was 60% for the consecutive cohort and 50% for the epithelial fractions of flow-sorted tumor samples. The lower frequency of MEIS1 methylation in the validation cohorts compared with the discovery cohort (100%) is possibly due to the small size and selection for proximal colon of the discovery samples. In both
validation cohorts, the frequency of MEIS1 methylation in BRAF wild type tumors was low (13-17%). Therefore, we conclude that the association between BRAFp.V600E and MEIS1
methylation is consistent. Strikingly, MEIS1 is a highly expressed oncogene in leukemia , and its downregulation is a marker that indicates a good prognosis .
BRAFp.V600E-associated MEIS1 methylation was associated
with decreased gene expression of the full length MEIS1 transcript and a truncated isoform, MEIS1D27 in tumors and
colon cancer cell lines. In line with our data, a previous study also showed decrease of MEIS1 expression in colorectal adenomas . The previously reported truncated MEIS1 isoform that lacks exon 8, which is part of the DNA binding homeodomain, was shown to be expressed exclusively in the cytoplasm of epithelial cells in the right-sided colon . The expression of this MEIS1D27 was decreased in colon tumors,
when compared to paired normal tissue . Since the BRAF mutation status of these colon tumors was not reported, it is not possible to evaluate whether loss of MEIS1D27 was associated
Using flow-sorting, we detected MEIS1 promoter methylation both in the epithelial tumor fractions as well as in the normal stromal fractions. The presence of MEIS1 methylation in the epithelial fractions in tumors of which the stromal cells were not methylated, suggests a genuine role for MEIS1 methylation in colorectal tumorigenesis. However, this finding is obscured by the presence of MEIS1 methylation in the (normal) tumor stroma. We hypothesize that MEIS1 methylation in the stroma may originate from infiltrating T-lymphocytes, similar to the methylation of CDH1 in breast cancer . These immune cells express vimentin  and were shown to acquire MEIS1 methylation early during hematopoietic differentiation . Additionally, intra-tumor lymphocyte infiltrate in colon tumors is associated with BRAFp.V600E  and MSI [44–47]. It should be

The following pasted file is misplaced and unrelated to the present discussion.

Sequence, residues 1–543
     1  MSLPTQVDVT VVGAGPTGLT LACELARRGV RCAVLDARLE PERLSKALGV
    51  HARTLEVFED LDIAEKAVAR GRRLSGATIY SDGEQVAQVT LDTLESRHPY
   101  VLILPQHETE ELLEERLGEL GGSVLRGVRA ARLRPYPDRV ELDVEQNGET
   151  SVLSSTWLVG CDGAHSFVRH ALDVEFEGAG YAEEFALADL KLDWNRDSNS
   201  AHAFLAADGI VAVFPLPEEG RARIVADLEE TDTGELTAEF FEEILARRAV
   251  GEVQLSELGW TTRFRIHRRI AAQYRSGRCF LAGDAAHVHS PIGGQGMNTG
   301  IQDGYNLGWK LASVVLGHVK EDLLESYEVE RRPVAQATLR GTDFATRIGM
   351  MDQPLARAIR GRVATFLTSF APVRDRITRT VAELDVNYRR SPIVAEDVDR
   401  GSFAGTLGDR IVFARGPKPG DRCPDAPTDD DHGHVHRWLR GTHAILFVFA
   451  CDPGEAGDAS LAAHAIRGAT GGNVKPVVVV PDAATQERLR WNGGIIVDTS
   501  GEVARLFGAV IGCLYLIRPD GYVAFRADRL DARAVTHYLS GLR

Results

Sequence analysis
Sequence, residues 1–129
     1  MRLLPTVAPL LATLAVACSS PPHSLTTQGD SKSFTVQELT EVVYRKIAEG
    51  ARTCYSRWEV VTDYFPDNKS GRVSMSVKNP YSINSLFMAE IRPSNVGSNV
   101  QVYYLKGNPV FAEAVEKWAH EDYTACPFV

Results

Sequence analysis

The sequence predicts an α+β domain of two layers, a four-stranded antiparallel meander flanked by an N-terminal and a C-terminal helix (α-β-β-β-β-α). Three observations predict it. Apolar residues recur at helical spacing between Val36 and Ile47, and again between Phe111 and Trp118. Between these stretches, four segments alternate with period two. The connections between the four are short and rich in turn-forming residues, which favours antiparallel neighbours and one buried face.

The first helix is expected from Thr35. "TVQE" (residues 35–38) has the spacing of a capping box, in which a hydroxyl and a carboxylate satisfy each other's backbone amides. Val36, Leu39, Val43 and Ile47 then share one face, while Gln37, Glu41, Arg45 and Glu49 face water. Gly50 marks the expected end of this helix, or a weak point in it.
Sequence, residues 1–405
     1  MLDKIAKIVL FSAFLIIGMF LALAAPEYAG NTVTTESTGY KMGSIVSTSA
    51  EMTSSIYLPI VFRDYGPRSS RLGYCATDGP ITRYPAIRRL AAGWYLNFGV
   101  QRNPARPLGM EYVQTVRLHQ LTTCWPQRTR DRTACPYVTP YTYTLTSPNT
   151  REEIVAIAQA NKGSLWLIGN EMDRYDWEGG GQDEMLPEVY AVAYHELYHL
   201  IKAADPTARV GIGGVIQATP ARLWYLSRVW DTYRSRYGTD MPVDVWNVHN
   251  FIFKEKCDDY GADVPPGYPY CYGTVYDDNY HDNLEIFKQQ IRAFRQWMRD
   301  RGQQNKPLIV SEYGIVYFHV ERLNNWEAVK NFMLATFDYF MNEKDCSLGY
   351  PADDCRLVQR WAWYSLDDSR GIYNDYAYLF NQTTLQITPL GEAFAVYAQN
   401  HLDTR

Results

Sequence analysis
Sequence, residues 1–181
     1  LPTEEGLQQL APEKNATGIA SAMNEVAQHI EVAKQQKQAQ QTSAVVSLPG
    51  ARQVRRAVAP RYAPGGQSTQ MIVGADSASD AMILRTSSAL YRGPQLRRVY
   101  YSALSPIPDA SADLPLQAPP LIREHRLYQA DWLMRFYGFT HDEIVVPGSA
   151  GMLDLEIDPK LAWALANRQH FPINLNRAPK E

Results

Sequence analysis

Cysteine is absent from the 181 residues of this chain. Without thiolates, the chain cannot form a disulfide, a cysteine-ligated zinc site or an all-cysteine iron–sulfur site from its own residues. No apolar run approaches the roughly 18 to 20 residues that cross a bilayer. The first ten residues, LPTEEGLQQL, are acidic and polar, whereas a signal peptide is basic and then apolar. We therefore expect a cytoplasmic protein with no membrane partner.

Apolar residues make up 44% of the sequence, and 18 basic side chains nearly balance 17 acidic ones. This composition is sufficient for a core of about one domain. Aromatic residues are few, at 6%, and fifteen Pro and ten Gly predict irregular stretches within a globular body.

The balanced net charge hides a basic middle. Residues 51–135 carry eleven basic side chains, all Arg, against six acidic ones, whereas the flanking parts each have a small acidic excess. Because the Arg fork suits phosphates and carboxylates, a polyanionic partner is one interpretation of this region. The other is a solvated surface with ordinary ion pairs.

Table 3.MEIS1 promoter methylation status of colorectal tumors and associated fractions.
Sample BRAF Tumor Epithelial fraction Stromal fraction
TS234t p.V600E M M* Um
TS495t p.V600E M M Um
TS516t p.V600E M M M
TS510t p.V600E M Um/M** M
TS141t p.V600E - Um M
TS454t p.V600E Um Um Um
TS465t p.V600E Um Um Um
OX103t p.V600E Um Um Um
TS128t WT - M M
TS291t WT - Um Um
TS261t WT - Um Um
TS479t WT - Um Um
TS485t WT - Um Um
TS532t WT - Um Um
Overview of 14 stage III colorectal tumor samples that were flow-sorted and labeled as either epithelial (keratin-positive fraction) or stromal (vimentin-positive fraction) cells. M: Methylated; Um: Unmethylated; WT: wild type.
* Not available, but most likely methylated taking into account that the complete tumor was methylated and stroma unmethylated. ** Two aneuploid epithelial fractions from the same tumor.
noted that the CpG Island Methylator Phenotype (CIMP) is associated with BRAFp.V600E , which might imply that the
CIMP status could be a confounder in the association between the BRAF mutation status and MEIS1 methylation.
In conclusion, MEIS1 methylation is associated with BRAFp.V600E in colon tumors and accompanied by a decrease of
MEIS1 gene expression. Further research is necessary to study the biological role of MEIS1 in colon carcinogenesis, especially with a BRAFp.V600E mutation.
Figure S1. The homeobox gene MEIS1 is methylated in BRAF p.V600E mutated colon tumors.
Figure S2. MLH1-MSP as a positive control for bisulfite-converted DNA.
Table S1. Primers and protocols used for PCR-based analyses.
Table S2. Characteristics of the first set of 19 included patients.
Table S3. Characteristics of patients selected for flow-sorting.
Conceived and designed the experiments: AAD AB EHvR HM TvW JMB. Performed the experiments: AAD AB EHvR MS. Analyzed the data: AAD AB EHvR MS MF TvW JMB. Contributed reagents/materials/analysis tools: AFS ECMZ PJKK HM. Wrote the manuscript: AAD TvW JMB.